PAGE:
A coalition of charities and rights groups has called on Government ministers to significantly increase commitments to take in at least 1,800 refugees.
Sixteen groups insisted the crisis across Europe must made a priority for Ireland when the cabinet holds a special meeting on it tomorrow.
In an eight point plan the group demanded Taoiseach Enda Kenny accept that more people fleeing persecution need to be accepted on Irish shores.
"Failure to act now will lead to increased loss of life and continued suffering for people fleeing war, poverty and persecution. Ireland needs to act with courage and conviction in this time of need. The public is calling for it, civil society is calling for it, and humanity demands it," the group said.
The coalition is made up of Oxfam, Trocaire, ActionAid Ireland, Comhlamh, Christian Aid Ireland, Community Workers' Co-operative, Conference of Religious in Ireland, Crosscare, Dochas, European Network against Racism, Immigrant Council of Ireland, Irish Missionary Union, Irish Refugee Council, Mayo Intercultural Action, Mercy International Association and the Migrant Rights Centre Ireland.
It called for Ireland's quota of refugees to be based on fact - capacity, funding, percentage share as an EU member state.
But it said the Government must also recognise that the influx of people fleeing war, dysfunctional states, persecution and disastrous economies is a humanitarian crisis which requires exceptional measures.
The coalition said Ireland should not differentiate between officially recognised refugees and anyone seeking protection.
Last week plans to increase the intake from 600 to at least 1,800 were announced with Tanaiste Joan Burton later suggesting the final figure should be in the thousands.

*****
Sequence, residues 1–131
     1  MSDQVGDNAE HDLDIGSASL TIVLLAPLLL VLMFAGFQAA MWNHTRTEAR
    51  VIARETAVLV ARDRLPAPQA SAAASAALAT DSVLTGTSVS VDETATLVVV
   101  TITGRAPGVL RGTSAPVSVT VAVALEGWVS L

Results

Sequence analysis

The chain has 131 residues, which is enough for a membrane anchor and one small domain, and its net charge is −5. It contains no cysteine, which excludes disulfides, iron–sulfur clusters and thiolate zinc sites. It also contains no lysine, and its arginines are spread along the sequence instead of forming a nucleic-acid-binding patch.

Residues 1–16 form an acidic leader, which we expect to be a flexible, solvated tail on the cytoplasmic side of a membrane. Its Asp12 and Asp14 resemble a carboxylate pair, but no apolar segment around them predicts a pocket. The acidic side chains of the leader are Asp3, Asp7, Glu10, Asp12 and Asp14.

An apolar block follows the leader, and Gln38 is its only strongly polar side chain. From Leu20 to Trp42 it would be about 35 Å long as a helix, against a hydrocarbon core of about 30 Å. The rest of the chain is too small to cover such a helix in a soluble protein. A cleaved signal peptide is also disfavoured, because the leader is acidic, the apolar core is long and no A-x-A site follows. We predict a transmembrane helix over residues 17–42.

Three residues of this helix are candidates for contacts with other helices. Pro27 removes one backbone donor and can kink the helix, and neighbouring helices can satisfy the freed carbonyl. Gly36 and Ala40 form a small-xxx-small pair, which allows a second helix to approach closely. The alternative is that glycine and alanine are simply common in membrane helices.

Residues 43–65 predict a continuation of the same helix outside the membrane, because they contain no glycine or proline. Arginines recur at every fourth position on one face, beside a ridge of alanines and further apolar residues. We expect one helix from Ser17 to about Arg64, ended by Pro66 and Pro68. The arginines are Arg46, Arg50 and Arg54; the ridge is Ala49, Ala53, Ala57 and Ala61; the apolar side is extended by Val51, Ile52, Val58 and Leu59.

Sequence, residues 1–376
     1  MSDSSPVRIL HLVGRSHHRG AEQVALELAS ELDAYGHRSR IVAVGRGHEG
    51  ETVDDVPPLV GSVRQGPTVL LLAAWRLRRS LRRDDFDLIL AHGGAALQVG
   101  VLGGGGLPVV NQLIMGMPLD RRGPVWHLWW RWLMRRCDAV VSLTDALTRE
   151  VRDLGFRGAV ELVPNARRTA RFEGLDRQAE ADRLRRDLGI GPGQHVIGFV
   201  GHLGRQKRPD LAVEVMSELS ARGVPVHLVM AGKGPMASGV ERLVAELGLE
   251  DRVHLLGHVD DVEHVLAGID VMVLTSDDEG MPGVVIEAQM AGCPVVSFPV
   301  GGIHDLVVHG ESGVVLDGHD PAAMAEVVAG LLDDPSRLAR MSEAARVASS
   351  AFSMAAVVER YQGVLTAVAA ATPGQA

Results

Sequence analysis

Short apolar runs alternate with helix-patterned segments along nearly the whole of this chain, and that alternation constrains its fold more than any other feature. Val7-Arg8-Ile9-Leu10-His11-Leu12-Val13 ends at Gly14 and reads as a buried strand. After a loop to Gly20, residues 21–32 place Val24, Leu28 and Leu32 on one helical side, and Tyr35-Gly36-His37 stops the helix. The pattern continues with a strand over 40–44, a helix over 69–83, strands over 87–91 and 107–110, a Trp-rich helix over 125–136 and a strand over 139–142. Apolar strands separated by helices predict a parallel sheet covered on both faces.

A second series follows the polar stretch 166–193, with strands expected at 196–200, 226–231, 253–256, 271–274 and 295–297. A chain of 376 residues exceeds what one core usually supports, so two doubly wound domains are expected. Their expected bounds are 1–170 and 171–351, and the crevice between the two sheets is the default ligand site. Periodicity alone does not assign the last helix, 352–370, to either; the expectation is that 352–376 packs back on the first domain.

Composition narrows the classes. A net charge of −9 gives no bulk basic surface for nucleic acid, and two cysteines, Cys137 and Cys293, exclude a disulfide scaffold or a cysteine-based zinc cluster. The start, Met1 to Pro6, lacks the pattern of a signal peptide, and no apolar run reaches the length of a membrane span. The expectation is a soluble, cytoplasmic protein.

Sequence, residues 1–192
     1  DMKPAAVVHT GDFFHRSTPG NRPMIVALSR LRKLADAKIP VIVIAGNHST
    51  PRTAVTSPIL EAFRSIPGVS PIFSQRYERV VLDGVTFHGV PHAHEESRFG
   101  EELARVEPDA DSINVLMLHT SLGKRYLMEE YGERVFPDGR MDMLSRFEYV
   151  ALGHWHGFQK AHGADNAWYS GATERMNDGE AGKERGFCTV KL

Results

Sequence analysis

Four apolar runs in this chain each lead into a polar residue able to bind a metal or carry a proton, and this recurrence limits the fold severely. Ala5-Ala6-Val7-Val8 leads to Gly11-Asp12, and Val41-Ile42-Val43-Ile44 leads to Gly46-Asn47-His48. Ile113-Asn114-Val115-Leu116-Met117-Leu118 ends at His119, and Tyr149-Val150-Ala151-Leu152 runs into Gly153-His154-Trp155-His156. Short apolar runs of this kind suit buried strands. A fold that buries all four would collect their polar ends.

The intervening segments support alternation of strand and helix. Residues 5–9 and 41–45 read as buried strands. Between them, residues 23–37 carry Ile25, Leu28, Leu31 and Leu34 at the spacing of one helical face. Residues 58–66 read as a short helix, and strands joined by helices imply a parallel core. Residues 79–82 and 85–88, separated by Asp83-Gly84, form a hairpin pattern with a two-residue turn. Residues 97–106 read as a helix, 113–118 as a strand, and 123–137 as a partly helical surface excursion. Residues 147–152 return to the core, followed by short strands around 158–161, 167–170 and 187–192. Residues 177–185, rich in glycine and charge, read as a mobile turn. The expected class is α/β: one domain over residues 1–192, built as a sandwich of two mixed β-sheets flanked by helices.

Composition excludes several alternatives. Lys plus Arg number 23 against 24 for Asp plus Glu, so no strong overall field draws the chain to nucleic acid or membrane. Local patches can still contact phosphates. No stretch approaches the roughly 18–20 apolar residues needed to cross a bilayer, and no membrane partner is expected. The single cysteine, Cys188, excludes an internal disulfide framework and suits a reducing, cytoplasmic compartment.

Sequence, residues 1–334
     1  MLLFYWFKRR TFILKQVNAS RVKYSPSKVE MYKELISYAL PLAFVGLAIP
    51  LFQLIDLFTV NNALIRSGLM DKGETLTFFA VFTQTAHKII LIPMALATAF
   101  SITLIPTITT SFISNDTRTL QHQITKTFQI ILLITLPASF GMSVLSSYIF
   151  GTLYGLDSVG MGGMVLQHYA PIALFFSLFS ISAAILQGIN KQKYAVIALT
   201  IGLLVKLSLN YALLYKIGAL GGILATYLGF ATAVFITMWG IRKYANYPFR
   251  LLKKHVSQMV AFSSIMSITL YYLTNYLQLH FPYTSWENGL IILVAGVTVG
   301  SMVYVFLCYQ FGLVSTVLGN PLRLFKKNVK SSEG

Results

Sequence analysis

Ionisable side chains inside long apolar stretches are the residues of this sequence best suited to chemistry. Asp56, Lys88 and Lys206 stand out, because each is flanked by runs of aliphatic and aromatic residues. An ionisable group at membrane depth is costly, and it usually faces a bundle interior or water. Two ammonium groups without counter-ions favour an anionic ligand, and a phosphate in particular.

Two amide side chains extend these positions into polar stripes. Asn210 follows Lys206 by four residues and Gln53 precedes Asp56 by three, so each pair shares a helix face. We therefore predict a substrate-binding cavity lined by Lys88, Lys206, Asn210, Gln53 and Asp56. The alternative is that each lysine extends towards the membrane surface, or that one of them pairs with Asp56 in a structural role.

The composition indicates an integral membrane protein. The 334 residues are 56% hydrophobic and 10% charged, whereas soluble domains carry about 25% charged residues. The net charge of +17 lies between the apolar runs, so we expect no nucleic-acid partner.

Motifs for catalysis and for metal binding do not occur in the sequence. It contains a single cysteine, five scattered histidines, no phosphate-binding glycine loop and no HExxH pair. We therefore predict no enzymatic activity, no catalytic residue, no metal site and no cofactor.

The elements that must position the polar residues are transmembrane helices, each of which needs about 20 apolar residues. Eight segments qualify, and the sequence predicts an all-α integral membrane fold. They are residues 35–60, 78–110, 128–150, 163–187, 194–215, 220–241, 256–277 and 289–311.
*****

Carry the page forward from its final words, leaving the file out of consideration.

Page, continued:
In other recommendations the charity coalition also urged the Irish Navy to extend its role in the Mediterranean search and rescue mission beyond the November deadline
It accused the Government of being out of touch with public sentiment and inadequately responding to overwhelmingly support for more refugees to be taken in.
More than 37,000 people have signed a petition to the Taoiseach calling for thousands of refugees to brought to Ireland while thousands of people have also pledged a bed to anyone who arrives in Ireland seeking refuge or asylum.
The coalition called on the Government to show leadership ahead of the European justice meeting on the crisis next Monday.
It also urged a more transparent and accelerated process of relocation and resettlement for refugees with clear guidelines and time frames in place while legal channels of migration to Ireland and across the European Union are expanded through humanitarian visas and less rigid family reunification measures.
The charities also called for the immediate suspension of the return mechanism of the Dublin regulation in Ireland and for decisive actions to provide appropriate reception accommodation in a community setting.